David Crawford is watching the debate closely.

“We understand that a discussion is coming around a series of measures to influence the way in which vehicles are imported and to influence the people making decisions about what they want to buy. The devil will be in the detail of what’s being proposed and what’s workable,” said Crawford.

Either way, it looks like the Government’s coming for our beloved utes.

Australian’s are serious about their love for the big outdoors – including their utes.

So, it’s no surprise that commercial vehicle sales are stronger than ever. And who says bigger isn’t always better, as hard-working tradies are splashing plenty of cash on huge workhorses to get the job done or stand out from the pack. 

Add technology and performance to the mix, and you get a whole new category of uber utes – ones that come with limousine-like pricetags.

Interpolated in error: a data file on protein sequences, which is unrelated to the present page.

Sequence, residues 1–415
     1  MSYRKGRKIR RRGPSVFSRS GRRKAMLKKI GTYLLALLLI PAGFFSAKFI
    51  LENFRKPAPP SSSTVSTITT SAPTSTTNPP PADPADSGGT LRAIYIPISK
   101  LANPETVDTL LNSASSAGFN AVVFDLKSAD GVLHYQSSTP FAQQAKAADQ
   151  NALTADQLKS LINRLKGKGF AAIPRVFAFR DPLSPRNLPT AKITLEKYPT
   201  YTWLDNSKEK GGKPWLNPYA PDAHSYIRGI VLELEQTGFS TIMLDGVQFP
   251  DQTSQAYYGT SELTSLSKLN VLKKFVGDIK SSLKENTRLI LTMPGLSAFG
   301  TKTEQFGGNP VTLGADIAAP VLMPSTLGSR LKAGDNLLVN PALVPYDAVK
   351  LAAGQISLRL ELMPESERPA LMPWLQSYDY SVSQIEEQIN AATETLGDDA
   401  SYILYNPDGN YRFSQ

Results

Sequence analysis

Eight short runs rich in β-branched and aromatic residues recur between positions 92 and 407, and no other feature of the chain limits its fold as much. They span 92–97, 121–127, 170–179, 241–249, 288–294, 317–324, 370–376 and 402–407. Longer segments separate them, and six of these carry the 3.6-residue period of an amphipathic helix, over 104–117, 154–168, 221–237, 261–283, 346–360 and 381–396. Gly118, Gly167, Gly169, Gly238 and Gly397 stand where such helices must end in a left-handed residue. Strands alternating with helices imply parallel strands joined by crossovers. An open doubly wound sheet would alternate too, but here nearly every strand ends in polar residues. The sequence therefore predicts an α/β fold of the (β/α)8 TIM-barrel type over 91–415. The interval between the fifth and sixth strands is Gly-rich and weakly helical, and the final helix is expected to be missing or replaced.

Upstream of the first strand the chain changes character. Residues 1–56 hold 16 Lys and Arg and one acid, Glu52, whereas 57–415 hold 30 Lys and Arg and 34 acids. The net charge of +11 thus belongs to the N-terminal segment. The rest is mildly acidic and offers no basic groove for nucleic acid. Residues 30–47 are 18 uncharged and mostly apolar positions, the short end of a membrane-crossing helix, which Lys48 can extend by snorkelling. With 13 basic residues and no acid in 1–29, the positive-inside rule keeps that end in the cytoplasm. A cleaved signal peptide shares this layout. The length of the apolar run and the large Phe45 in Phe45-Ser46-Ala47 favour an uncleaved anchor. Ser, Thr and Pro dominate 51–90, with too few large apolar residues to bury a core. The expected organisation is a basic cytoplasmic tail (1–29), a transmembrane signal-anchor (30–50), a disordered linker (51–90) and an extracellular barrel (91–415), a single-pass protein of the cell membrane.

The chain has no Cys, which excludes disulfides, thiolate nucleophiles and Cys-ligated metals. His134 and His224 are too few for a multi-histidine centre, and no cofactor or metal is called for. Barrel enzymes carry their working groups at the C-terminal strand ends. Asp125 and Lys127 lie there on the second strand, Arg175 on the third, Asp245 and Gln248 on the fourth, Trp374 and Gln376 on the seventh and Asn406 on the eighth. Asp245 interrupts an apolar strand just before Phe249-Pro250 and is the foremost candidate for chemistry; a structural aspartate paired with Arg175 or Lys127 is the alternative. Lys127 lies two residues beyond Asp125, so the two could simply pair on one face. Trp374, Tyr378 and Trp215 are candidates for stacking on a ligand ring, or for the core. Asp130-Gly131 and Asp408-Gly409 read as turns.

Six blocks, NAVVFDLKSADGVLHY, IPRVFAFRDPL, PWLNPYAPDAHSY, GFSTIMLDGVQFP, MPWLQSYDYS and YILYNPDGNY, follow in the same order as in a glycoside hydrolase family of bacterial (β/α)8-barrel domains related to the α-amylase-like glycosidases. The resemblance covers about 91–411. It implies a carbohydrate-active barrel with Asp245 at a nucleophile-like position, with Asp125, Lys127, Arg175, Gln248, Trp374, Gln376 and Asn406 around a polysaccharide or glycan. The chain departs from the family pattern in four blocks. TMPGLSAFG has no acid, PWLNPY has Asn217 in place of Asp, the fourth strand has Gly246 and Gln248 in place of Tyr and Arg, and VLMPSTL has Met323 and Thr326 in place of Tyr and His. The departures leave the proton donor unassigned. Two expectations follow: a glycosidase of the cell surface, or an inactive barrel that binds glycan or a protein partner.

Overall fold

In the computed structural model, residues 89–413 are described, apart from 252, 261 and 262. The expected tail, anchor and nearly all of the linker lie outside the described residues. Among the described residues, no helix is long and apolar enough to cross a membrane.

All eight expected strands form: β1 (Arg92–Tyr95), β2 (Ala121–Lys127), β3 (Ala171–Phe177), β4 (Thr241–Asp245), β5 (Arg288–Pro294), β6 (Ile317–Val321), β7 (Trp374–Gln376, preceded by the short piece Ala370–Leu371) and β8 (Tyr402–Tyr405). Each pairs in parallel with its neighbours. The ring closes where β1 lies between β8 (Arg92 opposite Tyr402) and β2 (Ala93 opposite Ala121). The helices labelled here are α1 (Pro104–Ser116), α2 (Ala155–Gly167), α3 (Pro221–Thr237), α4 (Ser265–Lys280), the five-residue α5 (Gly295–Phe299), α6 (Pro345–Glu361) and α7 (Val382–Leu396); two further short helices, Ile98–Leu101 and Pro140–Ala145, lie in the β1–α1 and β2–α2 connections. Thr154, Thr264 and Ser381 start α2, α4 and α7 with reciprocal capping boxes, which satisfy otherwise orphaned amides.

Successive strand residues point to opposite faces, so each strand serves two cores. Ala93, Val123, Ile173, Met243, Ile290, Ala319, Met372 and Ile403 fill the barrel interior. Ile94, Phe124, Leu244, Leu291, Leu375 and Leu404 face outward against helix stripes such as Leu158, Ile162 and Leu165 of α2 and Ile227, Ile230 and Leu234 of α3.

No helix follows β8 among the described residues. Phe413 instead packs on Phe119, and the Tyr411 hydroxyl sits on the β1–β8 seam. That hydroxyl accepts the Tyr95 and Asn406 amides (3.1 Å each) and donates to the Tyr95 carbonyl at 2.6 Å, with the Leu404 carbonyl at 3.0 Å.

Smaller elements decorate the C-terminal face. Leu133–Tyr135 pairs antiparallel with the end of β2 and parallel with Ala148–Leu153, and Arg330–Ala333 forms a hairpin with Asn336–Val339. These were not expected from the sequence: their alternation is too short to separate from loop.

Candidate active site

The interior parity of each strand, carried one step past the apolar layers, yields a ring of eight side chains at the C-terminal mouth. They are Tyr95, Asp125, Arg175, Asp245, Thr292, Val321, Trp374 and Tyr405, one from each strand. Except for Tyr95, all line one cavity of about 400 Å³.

Here are the seven most expensive utes in today’s market.

Chevrolet Silverado LTZ – $147,990

The range-topping Silverado 3500 LTZ is America’s answer to a luxury ute.

You may think it’s a bit over the top for a pickup truck, but the American’s wouldn’t have it any other way.

With leather-trimmed bucket seats, leather steering wheel, chrome 18-inch alloy wheels, chrome side mouldings and door handles, it doesn’t feel like the workhorse it is capable of being.  

It comes equipped with an 8.0-inch touchscreen that is compatible with Apple CarPlay and Android Auto too to keep connected.

The LTZ also features safety upgrades like forwarding collision alert, lane departure warning and front and rear park assist.